Drug and Chemical Toxicology 10/2010; 33(4):403-9. · 1.29 Impact Factor
  • [Show abstract] [Hide abstract]
    ABSTRACT: MG132, as a proteasome inhibitor, has been shown to induce apoptotic cell death through the formation of reactive oxygen species (ROS). In this study, we investigated the effects of MG132 and/or MAPK inhibitors on As4.1 juxtaglomerular cells in relation to cell growth, cell death, ROS, and glutathione (GSH) levels. MG132 inhibited the growth of As4.1 cells and induced cell death, accompanied by the loss of mitochondrial membrane potential (MMP; DeltaPsi(m)) and activation of caspase-3 and -8. MG132 increased ROS levels, and GSH depleted cell numbers. The MEK inhibitor slightly reduced cell growth and caspase-3 activity in MG132-treated As4.1 cells and mildly increased MMP (DeltaPsi(m)) loss and O(2)(*-) level. However, it did not increase apoptosis and GSH depletion. The JNK inhibitor did not strongly influence cell growth, cell death, and GSH depletion by MG132, but increased caspase-3 activity, MMP (DeltaPsi(m)) loss, and O(2)(*-) level. Treatment with the p38 inhibitor magnified cell-growth inhibition and apoptosis by MG132. This agent also strongly increased caspase-8 activity, MMP (DeltaPsi(m)) loss, O(2)(*-) level, and GSH depletion. Conclusively, the p38 inhibitor strongly intensified cell death in MG132-treated As4.1 cells. The changes of GSH content by MG132 and/or MAPK inhibitors were closely related to the death of As4.1 cells.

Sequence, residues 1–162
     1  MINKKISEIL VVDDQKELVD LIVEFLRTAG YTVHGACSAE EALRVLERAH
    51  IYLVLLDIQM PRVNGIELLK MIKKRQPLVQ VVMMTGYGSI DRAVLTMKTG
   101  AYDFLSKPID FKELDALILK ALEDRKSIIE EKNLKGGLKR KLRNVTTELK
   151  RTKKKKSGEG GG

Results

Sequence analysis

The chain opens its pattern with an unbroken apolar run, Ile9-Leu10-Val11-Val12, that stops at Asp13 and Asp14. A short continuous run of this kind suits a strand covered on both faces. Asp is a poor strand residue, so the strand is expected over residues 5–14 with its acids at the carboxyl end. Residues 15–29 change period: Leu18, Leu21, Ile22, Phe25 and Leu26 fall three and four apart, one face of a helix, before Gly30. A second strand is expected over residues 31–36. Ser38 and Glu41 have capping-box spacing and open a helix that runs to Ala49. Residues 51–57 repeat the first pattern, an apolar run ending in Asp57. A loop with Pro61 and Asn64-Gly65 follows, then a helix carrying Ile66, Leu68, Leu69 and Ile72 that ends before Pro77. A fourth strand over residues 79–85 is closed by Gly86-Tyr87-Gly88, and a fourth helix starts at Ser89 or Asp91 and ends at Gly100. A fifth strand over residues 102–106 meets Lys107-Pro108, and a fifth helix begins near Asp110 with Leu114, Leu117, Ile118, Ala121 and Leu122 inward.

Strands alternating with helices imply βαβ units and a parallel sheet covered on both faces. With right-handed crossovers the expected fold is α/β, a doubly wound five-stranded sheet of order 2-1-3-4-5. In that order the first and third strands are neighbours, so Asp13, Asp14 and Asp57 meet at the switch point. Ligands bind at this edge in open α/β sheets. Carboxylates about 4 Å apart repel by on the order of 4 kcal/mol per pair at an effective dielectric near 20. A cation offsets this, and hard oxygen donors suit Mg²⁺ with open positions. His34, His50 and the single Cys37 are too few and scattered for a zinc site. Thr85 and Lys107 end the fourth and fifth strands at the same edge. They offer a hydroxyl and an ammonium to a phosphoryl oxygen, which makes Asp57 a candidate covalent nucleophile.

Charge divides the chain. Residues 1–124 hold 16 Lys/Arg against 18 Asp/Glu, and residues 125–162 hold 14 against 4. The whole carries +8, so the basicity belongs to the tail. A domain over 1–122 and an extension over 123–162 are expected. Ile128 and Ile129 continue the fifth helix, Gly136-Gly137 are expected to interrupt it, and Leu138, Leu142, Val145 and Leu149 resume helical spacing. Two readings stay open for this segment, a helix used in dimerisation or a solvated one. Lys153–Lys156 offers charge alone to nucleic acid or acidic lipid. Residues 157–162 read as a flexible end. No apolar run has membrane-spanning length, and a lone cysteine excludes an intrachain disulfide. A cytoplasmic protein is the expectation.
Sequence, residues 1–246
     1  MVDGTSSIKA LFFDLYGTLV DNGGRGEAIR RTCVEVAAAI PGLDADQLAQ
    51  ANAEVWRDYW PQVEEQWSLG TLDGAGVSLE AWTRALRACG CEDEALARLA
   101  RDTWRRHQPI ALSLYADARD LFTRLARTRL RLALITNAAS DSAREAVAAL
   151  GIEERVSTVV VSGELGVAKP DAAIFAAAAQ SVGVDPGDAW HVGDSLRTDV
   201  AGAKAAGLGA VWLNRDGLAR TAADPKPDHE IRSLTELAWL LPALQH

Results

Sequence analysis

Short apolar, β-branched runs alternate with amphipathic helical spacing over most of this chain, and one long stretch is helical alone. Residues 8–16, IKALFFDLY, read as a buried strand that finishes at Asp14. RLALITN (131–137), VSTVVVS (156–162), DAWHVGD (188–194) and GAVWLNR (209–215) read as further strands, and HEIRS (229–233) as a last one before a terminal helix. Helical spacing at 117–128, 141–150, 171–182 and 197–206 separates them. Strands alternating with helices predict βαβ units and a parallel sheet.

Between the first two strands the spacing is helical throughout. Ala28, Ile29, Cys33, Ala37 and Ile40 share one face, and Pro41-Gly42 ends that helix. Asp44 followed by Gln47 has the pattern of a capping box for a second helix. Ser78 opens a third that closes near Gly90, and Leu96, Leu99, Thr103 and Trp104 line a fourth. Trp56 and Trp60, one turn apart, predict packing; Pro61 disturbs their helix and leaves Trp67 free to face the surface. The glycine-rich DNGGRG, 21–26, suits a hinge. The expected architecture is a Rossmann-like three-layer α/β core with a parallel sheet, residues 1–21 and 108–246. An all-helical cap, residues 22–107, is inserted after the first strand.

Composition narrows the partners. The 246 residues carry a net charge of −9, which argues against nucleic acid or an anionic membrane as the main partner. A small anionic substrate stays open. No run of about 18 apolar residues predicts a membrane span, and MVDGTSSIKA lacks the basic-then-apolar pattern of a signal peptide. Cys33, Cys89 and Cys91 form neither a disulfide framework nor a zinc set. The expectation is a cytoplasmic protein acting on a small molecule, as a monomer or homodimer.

Drug and Chemical Toxicology 10/2010; 33(4):367-76. · 1.29 Impact Factor
  • [Show abstract] [Hide abstract]
    ABSTRACT: MG132 as a proteasome inhibitor can induce apoptotic cell death through formation of reactive oxygen species (ROS). In this study, the effects of N-acetyl cysteine (NAC; an antioxidant) on MG132-induced HeLa cell death in relation to ROS and glutathione (GSH) were investigated. MG132 induced cell growth inhibition and apoptosis in HeLa cells, which was accompanied by the loss of mitochondrial membrane potential (MMP; Delta Psi(m)), activation of caspase-3 and poly (ADP-ribose) polymerase (PARP) cleavage. MG132 increased ROS levels, including O(2)(*-), and GSH depleted cell numbers of HeLa cells. NAC reduced the number of annexin V-positive cells and MMP (Delta Psi(m)) loss by MG132. In addition, NAC significantly reduced the ROS level and prevented GSH depletion. In conclusion, NAC prevented MG132-induced HeLa cell death via decreasing ROS and preventing GSH depletion.
    Anticancer research 06/2010; 30(6):2107-12. · 1.71 Impact Factor